Updated: July 23, 2020 06:38 PM
Created: July 23, 2020 04:45 PM
ALBUQUERQUE, N.M.- Albuquerque Mayor Tim Keller is hesitant to trust Pres. Trump following his announcement that federal agents will be deployed to help fight crime in Albuquerque for Operation Legend.
"So there's a history of two-facedness coming from D.C.," Keller said.
The Trump administration said the agents who are sent to Albuquerque will not look like the agents in Portland, who have clashed with protesters.
Prior to the president's announcement, Keller categorized the federal agents as "secret police." KOB 4 asked Keller if he regrets classifying the agents in that manner.
"Well it was just two days ago when that's what the president was explicitly talking about," Keller said. "So you know, one day has changed. And what we see is, we're all very concerned about what this is and what it's not. Because the president is saying one thing and I think our local officials are saying another."
Attorney General Bill Barr said 35 federal agents will be sent to the Duke City to assist with investigations. The federal partnership is not an uncommon practice for the Albuquerque Police Department.
"It's really the original plan from Operation Relentless Pursuit," said APD Chief Michael Geier.
Geier claims Operation Legend is essentially the same thing as Operation Relentless Pursuit, which was rolled out in late 2019. Barr said the program was paused due to the pandemic.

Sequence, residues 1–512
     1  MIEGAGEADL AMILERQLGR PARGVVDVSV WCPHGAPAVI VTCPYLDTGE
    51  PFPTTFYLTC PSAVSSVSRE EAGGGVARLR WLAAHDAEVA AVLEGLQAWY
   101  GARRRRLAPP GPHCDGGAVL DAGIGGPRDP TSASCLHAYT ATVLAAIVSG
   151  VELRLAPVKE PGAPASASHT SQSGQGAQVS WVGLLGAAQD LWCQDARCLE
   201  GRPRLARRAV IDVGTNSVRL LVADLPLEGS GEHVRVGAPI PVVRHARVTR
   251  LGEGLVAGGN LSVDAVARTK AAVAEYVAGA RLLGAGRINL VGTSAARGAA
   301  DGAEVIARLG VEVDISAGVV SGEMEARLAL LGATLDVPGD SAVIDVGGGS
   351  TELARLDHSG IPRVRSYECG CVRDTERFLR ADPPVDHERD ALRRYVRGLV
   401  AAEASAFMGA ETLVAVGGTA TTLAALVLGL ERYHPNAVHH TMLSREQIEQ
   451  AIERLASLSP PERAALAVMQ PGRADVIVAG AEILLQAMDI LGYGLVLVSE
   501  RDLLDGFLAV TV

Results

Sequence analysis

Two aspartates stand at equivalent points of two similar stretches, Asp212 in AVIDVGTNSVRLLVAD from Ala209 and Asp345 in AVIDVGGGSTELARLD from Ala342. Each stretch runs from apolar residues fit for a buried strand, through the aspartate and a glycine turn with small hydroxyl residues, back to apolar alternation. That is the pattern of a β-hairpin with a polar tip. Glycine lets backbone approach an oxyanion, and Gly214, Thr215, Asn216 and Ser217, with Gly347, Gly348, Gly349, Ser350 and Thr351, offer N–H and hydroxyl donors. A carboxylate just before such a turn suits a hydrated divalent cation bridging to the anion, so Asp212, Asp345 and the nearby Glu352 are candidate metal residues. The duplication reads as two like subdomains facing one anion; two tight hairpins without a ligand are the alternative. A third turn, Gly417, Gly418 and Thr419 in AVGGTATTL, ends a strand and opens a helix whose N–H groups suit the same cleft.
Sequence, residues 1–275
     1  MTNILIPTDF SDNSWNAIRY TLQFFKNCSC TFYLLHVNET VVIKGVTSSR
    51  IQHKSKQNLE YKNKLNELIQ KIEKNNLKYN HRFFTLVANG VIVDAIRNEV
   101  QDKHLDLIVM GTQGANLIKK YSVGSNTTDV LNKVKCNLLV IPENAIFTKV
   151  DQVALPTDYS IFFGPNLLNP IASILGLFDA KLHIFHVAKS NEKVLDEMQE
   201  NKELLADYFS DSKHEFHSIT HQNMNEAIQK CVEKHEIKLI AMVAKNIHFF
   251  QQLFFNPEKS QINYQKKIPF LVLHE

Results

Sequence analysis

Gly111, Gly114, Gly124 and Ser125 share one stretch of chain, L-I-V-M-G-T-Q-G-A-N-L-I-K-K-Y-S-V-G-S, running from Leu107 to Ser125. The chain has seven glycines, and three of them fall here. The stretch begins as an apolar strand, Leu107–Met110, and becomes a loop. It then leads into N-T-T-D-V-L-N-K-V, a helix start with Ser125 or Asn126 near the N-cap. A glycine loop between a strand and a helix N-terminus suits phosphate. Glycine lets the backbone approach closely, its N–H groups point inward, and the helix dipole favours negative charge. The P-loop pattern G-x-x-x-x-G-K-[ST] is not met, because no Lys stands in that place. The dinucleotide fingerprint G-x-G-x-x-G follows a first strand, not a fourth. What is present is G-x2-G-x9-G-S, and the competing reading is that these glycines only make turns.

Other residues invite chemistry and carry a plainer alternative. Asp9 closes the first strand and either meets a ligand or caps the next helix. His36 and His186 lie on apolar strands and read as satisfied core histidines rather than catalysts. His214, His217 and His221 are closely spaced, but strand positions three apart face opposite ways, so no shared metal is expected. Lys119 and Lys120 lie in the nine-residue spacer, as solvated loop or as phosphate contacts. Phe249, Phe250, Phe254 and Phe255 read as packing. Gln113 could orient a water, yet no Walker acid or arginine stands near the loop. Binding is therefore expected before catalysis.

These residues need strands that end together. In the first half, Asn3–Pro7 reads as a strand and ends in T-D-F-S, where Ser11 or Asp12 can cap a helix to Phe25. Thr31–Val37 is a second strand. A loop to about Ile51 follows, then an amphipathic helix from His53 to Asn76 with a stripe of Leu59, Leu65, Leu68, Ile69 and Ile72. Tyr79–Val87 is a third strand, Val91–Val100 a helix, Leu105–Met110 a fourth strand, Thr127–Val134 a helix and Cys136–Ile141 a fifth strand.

"It seems to be the same thing. From everybody I talked to today in the federal partners they insist it is the same thing and that - again - they're not even here to take it over from us," Geier said. "They're going to work side by side with us."
Under Operation Legend, APD is eligible for millions of dollars to hire more officers. Geier said the department could use the money and resources.
"Well we definitely need it," he said. "We're at about 1,000 officers now, but we're still understaffed."
In 2019, Albuquerque broke a record for homicides, and Chief Geier said the violent crime in 2020 is at about the same rate as it was the previous year.
Keller disputes the idea that politics are playing a role in his criticism of the president's offer to help. Keller said the city has requested help in the past.
"Well I would just say the facts are really important, and we have asked for assistance in numerous ways and continue to," Keller said.
Keller said he welcomes the help from the federal government if the agents meet the values Albuquerque and follow city ordinances.
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